Now that Ruiz and Cross have figured out that the killer is Ruiz's old colleague David Tate -- with whose wife Ruiz was having an affair at the time she and her son were killed in a car accident -- it doesn't take them long to realize that Tate probably isn't finished, and is almost certainly planning some further revenge. Ruiz realizes that Tate must be targeting his family, but it's too late: Alma and the two young daughters are off on a day trip with mommy's new boyfriend "Kenny," who has promised them all a big surprise. Tate even says as much on Alma's phone to Ruiz, who commences freaking out that most of his family is in the killer's power.
Most, that is, but not all. Ruiz's son Gus, who has been exchanging texts with his absent friend Zina for some time, runs into Zina herself -- and learns that she hasn't texted a word to him. Which means Gus has been texting someone else. After Cross and Ruiz get him safely to the El Paso police station, he confesses that he's been sharing information about the investigation with the other party. And thus they realize that David Tate has been Catfishing Gus for inside info, which is how he was able to find and kill Gina Meadows right out from under them. They use Gus's phone to invite Tate to meet, hoping to lure him to where they can catch him. And it looks like Tate is about to take the bait, because when it comes to the Ruizes, who could resist the chance to collect them all?
But before that happens, Tate has driven Alma and the girls out to a remote cabin, then locked them inside with a live grenade that Alma can't let go of lest it blow them all up. And before Tate shows up to the supposed meeting with Gus, he gets wise to the fact that it's a trap and bolts. But not without leaving behind a note revealing the GPS coordinates of the cabin. Ruiz and Wade head out there to rescue them and Ruiz manages to save his wife (and possibly his marriage) at the same time. Mighty sporting of Tate, that.
Meanwhile, in ancillary plots that seem to be spinning ever further away from the main one, Steven Linder confesses to his God-compound friend Bob about his killing of Eva Guerra's boyfriend, Hector "Calaca" Valdez, and then to Eva herself. He only confesses his crush on Eva to one of them, though, and it isn't Eva. And Graciela shows up at Charlotte's ranch with an ATF tracking device and an appetite for Ray's blood, given that Ray was the one who brought her the guns containing the bugs. But in her mood, she'll take anyone's. So Charlotte and Cesar end up killing both Graciela and her bodyguard, then bury the bodies and hope for the best. There's still that tracking device, though.
And all is not well in the main plot, either. Not only is David Tate still at large, he crashes into Cross's truck and nabs Gus while she's driving him to a safe house. Cross manages to spot the license plate on Tate's getaway car before she loses consciousness, so there's still hope for Gus. In the most basic sense, I mean.
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For the second week in a row, we're beginning with a flashback. Back to the same night as last week's flashback, in fact. No subtitles this time though, just impressionistic, out-of-focus images of flashing lights on top of emergency vehicles. In muted slow motion, an imperceptibly younger David Tate -- who at this point may well have heard the name Kenny Hastings but has yet to consider assuming it as his own -- steps under the yellow caution tape that's been lifted for him to pass. Experiencing the world like Tom Hanks at the beginning of Saving Private Ryan, he approaches the flattened, smoking husk that used to be his wife's car, just a few yards into the Mexico half of the Bridge of the Americas.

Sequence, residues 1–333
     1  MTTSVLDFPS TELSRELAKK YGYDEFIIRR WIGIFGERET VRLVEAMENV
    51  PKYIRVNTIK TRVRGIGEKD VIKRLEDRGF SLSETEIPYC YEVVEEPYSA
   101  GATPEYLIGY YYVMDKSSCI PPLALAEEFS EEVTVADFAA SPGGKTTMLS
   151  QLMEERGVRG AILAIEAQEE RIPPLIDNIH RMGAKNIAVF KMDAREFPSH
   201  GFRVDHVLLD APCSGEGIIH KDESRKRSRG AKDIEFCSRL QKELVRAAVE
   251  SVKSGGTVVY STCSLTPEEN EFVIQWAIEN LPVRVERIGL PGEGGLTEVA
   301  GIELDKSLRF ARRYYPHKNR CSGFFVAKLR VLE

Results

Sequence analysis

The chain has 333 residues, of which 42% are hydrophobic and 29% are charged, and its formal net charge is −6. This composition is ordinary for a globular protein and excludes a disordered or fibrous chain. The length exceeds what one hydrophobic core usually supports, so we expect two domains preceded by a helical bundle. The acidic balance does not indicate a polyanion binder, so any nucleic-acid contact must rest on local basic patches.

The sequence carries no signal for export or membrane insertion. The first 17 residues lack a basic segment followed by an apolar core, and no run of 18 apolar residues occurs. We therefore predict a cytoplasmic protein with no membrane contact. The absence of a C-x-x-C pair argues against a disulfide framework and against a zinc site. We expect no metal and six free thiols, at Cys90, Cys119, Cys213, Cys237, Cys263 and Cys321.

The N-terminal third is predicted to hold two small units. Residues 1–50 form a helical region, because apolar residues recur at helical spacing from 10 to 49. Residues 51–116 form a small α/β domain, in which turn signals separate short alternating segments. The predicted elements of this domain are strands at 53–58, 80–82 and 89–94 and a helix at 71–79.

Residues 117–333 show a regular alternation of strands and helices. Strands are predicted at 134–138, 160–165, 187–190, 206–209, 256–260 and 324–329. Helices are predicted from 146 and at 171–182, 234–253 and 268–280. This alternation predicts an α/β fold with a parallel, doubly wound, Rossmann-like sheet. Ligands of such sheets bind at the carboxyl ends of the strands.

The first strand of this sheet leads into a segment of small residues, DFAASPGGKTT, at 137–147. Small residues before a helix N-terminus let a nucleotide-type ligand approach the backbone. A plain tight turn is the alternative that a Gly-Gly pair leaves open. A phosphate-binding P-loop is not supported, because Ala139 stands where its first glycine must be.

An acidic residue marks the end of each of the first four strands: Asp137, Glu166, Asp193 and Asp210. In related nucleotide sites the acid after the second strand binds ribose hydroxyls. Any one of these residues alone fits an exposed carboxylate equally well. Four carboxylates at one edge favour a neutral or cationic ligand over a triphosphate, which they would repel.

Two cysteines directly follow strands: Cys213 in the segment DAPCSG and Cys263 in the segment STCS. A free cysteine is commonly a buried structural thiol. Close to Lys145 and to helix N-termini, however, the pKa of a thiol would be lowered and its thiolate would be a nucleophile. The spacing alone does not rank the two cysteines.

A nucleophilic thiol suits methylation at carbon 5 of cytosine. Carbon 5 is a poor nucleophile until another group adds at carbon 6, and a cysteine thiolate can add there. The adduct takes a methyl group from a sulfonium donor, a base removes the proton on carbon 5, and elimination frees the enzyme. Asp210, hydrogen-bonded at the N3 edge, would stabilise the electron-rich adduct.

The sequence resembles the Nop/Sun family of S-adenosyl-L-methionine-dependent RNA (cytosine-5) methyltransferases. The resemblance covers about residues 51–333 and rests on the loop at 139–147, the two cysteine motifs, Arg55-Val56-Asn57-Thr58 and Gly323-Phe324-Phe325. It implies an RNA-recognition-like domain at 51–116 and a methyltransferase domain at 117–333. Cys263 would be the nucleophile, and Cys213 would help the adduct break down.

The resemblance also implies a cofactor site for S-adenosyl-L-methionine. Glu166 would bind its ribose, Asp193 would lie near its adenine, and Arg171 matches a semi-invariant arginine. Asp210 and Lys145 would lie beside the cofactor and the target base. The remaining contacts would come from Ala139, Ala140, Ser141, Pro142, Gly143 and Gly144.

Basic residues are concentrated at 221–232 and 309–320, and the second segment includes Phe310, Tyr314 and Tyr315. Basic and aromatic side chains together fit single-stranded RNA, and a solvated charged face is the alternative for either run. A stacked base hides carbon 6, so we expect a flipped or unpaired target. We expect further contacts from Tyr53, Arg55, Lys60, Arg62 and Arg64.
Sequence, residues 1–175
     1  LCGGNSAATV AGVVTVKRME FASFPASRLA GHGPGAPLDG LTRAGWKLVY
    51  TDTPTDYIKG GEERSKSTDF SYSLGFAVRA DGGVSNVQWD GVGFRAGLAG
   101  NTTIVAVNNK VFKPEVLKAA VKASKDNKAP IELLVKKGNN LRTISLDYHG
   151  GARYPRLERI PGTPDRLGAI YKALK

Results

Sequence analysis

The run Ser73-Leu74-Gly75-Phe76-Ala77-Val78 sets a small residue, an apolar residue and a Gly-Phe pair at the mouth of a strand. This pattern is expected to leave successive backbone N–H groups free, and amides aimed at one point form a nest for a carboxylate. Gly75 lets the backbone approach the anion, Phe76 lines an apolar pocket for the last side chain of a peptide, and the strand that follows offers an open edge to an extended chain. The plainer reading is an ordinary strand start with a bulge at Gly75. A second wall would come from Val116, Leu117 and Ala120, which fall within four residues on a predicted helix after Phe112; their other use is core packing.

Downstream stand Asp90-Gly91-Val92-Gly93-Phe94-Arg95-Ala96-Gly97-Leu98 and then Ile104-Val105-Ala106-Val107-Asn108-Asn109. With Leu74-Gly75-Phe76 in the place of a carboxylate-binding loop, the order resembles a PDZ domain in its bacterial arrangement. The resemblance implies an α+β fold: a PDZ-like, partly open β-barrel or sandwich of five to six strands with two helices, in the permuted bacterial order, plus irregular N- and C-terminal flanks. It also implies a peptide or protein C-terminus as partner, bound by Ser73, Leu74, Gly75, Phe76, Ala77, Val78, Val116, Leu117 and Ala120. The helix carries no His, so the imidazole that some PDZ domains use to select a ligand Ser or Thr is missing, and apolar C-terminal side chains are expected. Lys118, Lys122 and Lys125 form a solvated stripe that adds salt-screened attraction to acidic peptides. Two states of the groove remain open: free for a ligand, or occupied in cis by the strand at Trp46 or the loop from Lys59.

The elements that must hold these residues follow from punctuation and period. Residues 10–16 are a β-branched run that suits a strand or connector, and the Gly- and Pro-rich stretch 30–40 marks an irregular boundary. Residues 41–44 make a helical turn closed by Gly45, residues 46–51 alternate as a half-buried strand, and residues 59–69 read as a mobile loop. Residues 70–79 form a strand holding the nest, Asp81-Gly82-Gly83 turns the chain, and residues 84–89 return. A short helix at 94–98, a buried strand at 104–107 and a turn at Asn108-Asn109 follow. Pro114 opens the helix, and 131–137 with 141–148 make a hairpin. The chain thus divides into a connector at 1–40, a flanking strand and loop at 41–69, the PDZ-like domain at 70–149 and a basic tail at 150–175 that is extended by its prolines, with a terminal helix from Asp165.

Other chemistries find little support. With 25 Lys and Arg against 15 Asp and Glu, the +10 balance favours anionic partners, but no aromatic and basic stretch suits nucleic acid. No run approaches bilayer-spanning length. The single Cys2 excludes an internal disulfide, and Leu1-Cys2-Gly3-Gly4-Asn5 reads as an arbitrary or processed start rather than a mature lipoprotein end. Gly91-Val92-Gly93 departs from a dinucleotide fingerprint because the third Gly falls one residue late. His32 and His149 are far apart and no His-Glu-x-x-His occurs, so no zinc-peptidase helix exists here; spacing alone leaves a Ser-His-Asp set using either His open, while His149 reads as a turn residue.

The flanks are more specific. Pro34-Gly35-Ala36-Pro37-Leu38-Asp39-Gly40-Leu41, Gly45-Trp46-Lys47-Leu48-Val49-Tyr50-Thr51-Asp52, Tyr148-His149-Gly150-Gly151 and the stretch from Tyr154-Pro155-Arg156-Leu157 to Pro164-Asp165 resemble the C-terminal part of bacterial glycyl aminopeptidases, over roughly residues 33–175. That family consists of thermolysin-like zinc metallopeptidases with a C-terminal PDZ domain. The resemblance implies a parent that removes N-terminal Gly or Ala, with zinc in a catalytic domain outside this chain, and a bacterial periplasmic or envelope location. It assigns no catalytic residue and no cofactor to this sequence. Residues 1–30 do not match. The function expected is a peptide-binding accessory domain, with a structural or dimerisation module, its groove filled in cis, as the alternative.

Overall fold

He has arrived just in time to watch the firefighters haul out the flattened, bloody husk that used to be his wife. Tears leak down his face and he falls to his knees, near the spot where he'll be arranging one half each of two dead women about six years from now. While the firemen wrangle Jill's body, the necklace of silver beads she's wearing -- the same beads that have been popping up at various murder scenes all season -- breaks, spilling them all over the pavement. David Tate scrabbles for one, still in slo-mo, and examines it in the floodlights. This one has a raised rose pattern, but something tells me he's going to be collecting them all. As Jill is loaded onto a gurney and zipped into a body bag, David Tate stumbles around to the passenger side of the car. Where, upon seeing a small, still arm dangling out of the front window, he lets out not one but two piercing screams of grief and horror. This was so not in the character brief of "Ruiz's wife's coworker."
Six years later, outside the Biblioteca Sol, Ruiz stamps out a cigarette on the paving stones and examines the bead found at this latest crime scene, collected in a Ziploc bag and apparently surrendered to him by the Chihuahua cops after all. This one is large and football-shaped, so among other things, David Tate is also clearly avenging his wife's godawful taste in jewelry. Ruiz glances back at Cross, who just sits there watching him, motionless except for the shifting shadows of tonight's flashing emergency vehicle lights. Captain Robles comes up to Ruiz, saying in Spanish that he's contacted Mexico City. Ruiz promises him that they're close. "We know what he looks like," Cross adds in English as she walks over. "Has your fancy American task force arrested him yet?" Robles spits at Cross. "No! They haven't!"